Mast cell-deficient Cpa3cre and their cell-competent littermates Cpa3wt mice were infected with L. sigmodontis. A) The number of worms was counted at the indicated time points. Each dot represents the worm burden from one single mouse (day 10: n = 11 Cpa3wt and n = 9 Cpa3cre; day 40: n = 14 Cpa3wt and n = 12 Cpa3cre; day 75: n = 9 Cpa3wt and n = 12 Cpa3cre mice). Data show the mean and were pooled from 2–3 experiments. Microfilariae were counted at the indicated time points. B) The y-axis shows the frequency of microfilaremic mice over time. C) The number of MF in 20 μL peripheral blood. Data show the mean and the SEM and are combined from two independent experiments with n = 10 Cpa3wt and n = 8 Cpa3cre mice. Microfilaremiae was analyzed with a two-way ANOVA with Bonferroni post test.

https://doi.org/10.1371/journal.pntd.0008534.g003

Taken together, although mast cells were recruited to the thoracic cavity (Fig 2A), and were activated (Fig 2B) during infection of wt BALB/c mice with L. sigmodontis, the genetic ablation of mast cells in Cpa3cre mice resulted in a transient elevation of microfilaraemia but did not interfere with successful and timely termination of the parasite infection.

L. sigmodontis-specific immune response is not altered by the absence of mast cells during primary infection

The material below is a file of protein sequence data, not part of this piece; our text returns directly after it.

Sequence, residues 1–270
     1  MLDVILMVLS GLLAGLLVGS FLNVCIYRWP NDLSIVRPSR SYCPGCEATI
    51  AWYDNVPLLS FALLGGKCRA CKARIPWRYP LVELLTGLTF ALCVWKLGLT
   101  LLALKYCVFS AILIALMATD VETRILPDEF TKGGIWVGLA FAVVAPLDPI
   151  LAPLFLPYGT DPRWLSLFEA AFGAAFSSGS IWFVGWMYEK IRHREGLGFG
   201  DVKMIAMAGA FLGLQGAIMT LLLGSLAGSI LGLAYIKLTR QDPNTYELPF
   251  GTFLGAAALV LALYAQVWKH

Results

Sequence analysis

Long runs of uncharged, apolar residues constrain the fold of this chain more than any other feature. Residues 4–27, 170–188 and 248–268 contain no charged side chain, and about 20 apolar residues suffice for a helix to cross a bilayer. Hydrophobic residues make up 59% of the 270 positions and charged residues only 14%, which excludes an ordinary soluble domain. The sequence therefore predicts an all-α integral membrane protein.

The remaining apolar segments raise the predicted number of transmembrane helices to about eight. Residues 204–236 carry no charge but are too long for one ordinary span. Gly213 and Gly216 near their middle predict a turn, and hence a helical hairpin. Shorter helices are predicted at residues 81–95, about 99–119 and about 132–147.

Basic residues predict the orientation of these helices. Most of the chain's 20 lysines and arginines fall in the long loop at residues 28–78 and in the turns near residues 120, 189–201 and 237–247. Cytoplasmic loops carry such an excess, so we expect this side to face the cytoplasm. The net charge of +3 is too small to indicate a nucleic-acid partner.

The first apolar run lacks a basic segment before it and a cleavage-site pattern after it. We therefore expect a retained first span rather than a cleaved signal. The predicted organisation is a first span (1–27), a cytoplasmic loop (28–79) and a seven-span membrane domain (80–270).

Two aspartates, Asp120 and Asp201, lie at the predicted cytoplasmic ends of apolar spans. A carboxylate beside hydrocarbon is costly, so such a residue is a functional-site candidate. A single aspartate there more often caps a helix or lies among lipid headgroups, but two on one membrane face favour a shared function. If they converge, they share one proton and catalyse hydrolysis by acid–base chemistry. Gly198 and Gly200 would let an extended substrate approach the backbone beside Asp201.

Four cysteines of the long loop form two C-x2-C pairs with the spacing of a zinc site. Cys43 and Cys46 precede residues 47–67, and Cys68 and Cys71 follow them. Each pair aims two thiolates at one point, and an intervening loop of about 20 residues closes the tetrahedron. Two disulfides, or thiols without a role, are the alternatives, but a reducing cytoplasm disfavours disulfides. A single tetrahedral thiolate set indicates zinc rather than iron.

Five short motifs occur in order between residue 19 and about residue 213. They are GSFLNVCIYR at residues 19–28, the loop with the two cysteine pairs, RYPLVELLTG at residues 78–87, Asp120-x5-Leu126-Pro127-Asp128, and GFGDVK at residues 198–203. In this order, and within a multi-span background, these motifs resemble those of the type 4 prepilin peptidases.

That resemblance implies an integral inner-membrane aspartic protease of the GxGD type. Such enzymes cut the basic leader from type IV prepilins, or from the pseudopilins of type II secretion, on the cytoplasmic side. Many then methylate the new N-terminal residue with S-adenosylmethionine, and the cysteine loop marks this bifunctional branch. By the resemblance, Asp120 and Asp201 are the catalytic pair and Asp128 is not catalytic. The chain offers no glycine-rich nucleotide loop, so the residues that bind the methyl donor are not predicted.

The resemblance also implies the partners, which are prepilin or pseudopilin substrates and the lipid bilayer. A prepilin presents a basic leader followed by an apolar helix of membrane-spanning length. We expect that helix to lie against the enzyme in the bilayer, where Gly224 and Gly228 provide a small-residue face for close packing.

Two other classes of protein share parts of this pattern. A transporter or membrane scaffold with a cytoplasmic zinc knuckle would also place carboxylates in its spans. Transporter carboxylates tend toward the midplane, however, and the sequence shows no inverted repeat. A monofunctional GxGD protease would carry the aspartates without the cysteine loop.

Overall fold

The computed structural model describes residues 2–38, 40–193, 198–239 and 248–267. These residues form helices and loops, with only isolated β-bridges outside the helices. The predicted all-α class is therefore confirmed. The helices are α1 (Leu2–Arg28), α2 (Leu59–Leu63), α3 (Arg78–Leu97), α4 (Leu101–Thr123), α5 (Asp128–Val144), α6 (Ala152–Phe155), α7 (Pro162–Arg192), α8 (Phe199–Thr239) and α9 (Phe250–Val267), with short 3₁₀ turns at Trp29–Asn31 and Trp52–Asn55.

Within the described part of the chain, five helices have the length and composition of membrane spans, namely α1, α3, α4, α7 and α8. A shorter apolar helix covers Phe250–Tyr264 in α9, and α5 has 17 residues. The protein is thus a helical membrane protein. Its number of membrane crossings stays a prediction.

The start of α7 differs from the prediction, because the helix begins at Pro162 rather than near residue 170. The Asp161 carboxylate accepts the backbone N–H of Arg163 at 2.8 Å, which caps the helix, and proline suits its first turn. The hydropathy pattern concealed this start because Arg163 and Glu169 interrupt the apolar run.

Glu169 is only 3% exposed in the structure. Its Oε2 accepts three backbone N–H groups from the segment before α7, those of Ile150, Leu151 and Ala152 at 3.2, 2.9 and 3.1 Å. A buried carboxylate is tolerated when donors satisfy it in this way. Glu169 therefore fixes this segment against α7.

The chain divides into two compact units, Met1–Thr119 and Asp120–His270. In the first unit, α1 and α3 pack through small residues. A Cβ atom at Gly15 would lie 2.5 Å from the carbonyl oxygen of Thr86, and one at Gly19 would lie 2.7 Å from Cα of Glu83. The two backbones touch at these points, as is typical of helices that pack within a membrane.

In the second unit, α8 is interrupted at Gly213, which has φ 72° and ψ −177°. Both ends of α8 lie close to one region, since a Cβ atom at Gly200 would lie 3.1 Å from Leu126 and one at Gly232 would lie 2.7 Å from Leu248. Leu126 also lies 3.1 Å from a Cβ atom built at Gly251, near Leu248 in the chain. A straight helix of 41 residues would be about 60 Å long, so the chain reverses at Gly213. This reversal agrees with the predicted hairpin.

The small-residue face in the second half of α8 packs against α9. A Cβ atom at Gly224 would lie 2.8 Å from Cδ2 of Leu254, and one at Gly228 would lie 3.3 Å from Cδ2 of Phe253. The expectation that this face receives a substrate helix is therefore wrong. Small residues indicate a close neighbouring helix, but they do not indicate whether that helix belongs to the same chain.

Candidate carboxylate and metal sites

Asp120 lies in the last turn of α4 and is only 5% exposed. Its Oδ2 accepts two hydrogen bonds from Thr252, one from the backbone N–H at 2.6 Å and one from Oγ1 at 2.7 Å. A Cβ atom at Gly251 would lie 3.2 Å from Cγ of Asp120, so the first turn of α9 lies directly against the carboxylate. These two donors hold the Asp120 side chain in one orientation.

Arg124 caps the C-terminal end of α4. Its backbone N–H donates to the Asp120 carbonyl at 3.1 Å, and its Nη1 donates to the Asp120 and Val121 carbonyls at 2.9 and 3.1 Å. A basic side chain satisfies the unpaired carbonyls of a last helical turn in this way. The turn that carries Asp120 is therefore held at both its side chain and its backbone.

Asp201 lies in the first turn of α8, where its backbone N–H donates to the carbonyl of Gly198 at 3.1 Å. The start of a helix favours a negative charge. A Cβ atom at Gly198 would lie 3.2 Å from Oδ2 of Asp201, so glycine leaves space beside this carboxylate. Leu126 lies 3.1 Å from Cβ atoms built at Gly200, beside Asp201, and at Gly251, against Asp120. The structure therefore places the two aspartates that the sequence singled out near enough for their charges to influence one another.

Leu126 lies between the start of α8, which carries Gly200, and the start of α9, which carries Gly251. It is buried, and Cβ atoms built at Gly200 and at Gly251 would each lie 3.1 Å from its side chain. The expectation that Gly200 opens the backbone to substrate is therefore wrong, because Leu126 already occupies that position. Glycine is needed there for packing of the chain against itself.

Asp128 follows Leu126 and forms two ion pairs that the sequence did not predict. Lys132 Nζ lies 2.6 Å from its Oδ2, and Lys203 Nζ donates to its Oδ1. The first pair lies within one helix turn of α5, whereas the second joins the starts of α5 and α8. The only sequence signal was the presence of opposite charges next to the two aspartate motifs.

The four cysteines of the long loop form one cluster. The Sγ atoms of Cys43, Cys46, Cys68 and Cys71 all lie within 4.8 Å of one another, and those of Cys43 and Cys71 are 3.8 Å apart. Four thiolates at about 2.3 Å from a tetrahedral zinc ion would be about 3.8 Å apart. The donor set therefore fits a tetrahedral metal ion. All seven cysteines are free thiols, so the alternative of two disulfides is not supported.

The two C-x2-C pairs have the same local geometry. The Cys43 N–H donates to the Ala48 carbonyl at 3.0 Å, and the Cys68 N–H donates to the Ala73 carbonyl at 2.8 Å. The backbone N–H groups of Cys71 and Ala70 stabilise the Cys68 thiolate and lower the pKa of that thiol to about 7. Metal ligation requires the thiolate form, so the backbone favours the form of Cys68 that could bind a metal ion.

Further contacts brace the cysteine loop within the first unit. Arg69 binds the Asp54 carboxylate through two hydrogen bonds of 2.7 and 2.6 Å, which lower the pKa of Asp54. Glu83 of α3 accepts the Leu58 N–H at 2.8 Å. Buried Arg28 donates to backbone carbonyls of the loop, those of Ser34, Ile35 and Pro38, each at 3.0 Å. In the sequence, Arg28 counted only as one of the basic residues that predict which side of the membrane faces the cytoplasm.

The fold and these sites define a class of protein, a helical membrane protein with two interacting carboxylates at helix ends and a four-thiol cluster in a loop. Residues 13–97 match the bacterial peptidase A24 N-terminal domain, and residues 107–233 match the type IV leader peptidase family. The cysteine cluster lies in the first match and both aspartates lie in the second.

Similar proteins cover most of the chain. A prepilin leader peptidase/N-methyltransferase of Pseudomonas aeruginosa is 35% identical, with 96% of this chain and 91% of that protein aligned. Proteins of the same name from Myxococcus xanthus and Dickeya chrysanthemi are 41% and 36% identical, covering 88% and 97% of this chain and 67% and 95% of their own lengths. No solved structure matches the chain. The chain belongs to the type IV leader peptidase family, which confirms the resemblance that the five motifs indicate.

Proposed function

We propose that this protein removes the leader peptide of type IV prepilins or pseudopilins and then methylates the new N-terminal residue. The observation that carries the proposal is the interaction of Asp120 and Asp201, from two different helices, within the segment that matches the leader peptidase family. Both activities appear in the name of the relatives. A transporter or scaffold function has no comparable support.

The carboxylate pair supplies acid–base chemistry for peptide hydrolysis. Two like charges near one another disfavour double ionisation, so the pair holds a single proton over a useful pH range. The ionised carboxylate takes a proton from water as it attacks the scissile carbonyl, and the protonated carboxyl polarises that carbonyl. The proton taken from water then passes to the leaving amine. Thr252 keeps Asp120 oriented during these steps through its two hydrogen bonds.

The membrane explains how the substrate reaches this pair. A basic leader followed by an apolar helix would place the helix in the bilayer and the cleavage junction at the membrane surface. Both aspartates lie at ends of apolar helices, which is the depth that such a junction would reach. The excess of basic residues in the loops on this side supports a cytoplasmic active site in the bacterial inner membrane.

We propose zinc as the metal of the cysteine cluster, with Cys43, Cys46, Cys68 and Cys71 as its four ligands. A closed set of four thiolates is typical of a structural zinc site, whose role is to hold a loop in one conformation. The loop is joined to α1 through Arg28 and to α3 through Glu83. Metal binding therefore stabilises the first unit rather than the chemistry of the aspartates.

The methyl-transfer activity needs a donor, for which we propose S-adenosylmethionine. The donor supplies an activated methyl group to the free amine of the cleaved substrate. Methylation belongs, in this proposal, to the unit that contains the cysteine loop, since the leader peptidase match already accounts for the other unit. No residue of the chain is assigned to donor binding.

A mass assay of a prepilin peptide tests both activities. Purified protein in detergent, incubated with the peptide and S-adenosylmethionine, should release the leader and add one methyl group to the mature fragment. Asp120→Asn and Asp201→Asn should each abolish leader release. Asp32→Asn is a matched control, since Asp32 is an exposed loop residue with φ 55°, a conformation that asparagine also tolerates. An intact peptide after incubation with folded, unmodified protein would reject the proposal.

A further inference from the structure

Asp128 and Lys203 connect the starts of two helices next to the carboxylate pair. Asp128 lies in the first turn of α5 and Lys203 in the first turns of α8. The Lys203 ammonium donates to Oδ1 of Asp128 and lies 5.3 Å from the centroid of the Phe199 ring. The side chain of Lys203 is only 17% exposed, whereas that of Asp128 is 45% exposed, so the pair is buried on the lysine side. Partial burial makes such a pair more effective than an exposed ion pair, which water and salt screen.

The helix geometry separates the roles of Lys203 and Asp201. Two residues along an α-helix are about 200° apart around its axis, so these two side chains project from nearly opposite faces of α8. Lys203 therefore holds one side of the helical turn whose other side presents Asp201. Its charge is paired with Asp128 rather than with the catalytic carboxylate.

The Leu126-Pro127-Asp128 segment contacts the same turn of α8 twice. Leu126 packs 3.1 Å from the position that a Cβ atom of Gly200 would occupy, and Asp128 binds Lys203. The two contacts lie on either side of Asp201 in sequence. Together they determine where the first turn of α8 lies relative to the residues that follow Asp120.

Since mast cells have been proposed to orchestrate type 2 immune responses during helminth infection [14, 15] we determined the L. sigmodontis-specific cellular and humoral immune responses. Cpa3cre and Cpa3wt mice were infected for 40 or 75 days and the L. sigmodontis-specific Ig responses directed against adult worm extract were analyzed. LsAg-specific IgE in the thoracic cavity lavage and the serum was similar in L. sigmodontis-infected Cpa3cre and Cpa3wt mice at day 40 and day 75 p.i. (Fig 4A and 4B). Th1-associated LsAg-specific IgG2 was low but similar in L. sigmodontis-infected Cpa3cre and Cpa3wt mice: LsAg-specific IgG2a was barely detectable (Fig 4C), while LsAg-specific IgG2b increased slightly at day 75 p.i. (Fig 4D). LsAg-specific IgG1 was the most prominent isotype that increased at day 75 p.i. in mast cell-deficient and mast cell–competent mice to the same extent (Fig 4E). Thus, altogether the type 2 profile of the LsAg-specific Ig response was not altered by mast cell deficiency.